"Good intentions will always be pleaded for every assumption of authority. It is hardly too strong to say that the Constitution was made to guard the people against the dangers of good intentions. There are men in all ages who mean to govern well, but they mean to govern. They promise to be good masters, but they mean to be masters."
Daniel Webster penned those words in a legal brief in 1819.
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It would be pleasant to think that Webster's caution is firmly imprinted on the minds of those participating on this last day of the biennial process of candidate selection. Not as pleasant as thinking of what one might do with the proceeds of a winning lottery ticket but the outcomes are roughly as likely. It would also be pleasant to imagine that the voters of Webster's day bore his admonition in mind as they marked their ballots and that our current situation is a form of degradation from a Golden Age of reasoned judgment by knowledgeable electors but that would be a monstrous lie were it to be asserted. The fact is that Webster became a Federalist Whig in precisely the same manner in which George Bush became a Republican which in turn is how some eighty percent of those who will cast votes in the coming election came to be affiliated with their party of 'choice'. If it didn't happen in the crib, it happened in the nursery and if it didn't happen in the nursery, it happened at the dinner table. That premise has held true for some 220 years and is unlikely to change any time soon.
Except - well, the shift that occurred around the time of the Civil War, and the shift that occurred following the '29 crash, and now, perhaps. When Daniel Webster declaimed "Liberty and Union, now and forever, one and inseparable." in 1830 he was already well engaged in the struggle which would not reach conclusion until some fourteen years after his death in 1852. By the time the question of federal unity was resolved the Federalist Whigs had disappeared and the Republicans were well launched upon an exercise of retaining power that would endure until its by then ossified leadership failed to respond to a catastrophe largely of its own making. Rigidity, rather than the hoped for wisdom, seems to have come as the party aged and the Republicans paid the appropriate price as millions of voters abandoned a party afflicted with sclerosis for a party which from its cradle had promised much to those who had achieved little.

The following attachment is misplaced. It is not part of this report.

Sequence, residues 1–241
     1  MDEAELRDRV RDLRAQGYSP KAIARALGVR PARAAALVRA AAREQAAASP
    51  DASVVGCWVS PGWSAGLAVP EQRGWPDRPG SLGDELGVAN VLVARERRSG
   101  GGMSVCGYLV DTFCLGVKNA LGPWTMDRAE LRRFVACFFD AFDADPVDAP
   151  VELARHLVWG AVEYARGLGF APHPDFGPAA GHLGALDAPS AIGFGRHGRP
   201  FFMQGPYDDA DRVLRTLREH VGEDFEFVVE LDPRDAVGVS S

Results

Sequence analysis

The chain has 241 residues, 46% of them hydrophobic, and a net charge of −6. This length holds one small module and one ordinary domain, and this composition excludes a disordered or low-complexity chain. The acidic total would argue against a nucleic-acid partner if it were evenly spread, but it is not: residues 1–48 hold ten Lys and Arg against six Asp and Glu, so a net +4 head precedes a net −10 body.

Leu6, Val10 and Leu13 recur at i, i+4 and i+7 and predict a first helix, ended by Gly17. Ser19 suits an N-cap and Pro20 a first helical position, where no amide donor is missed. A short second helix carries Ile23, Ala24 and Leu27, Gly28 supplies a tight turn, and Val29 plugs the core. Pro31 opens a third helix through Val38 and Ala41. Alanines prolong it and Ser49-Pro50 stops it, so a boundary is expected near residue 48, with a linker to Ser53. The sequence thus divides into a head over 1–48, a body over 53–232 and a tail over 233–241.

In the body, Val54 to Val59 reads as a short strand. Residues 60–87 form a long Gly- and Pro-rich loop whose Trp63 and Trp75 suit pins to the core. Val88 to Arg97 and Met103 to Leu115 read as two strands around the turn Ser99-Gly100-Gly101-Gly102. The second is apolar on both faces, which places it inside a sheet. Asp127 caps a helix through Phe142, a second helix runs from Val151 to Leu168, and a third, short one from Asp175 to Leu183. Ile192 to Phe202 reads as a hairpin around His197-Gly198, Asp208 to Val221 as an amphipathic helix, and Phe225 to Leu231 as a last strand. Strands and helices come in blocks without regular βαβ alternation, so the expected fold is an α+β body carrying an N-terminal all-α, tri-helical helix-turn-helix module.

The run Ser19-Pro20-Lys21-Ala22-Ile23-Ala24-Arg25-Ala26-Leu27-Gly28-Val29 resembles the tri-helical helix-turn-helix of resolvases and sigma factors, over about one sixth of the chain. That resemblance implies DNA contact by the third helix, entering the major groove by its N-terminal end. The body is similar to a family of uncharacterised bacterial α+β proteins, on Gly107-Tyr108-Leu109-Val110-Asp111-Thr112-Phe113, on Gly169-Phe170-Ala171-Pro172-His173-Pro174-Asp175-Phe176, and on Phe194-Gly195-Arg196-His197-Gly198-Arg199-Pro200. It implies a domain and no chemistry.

The Democrats fulfilled their promises to such an extent that within fifty years the class of those in true need had practically disappeared. A remarkable achievement which some find truly laudable. Unfortunately (or very, very fortunately), the same ossification problem which afflicted the Republicans in the '20's has been afflicting the Democrats since the early '90's. Their largest client groups are declining either in size (the unions) or in potency (the segregation of blacks into politically meaningless enclaves). Having fulfilled its promises, the Democratic Party's reason for existence (other than to exercise power) is now in question.
Will the '06 election provide further evidence of the party's obsolescence? Perhaps not. The machinations of the last decennial reapportionment increase the probability that the Democrats will totter on for a bit. September 11, 2001 was not as transformative an event as that which occurred from October 24th through October 29th, 1929. The spending patterns of the Democratic National Committee and Democratic Congressional Campaign Committee indicate that they expect to seriously contend the 2008 election. In fact, the spending patterns show that they are primarily focused on the 2008 campaign rather than upon actually attempting to secure a majority in either house. One might wonder where that particular spark of genius originated. Rahm Emanuel knows - but he ain't telling.
Tomorrow I'll take a close look at Iowa - home of the first indicator of a Presidential candidates viability.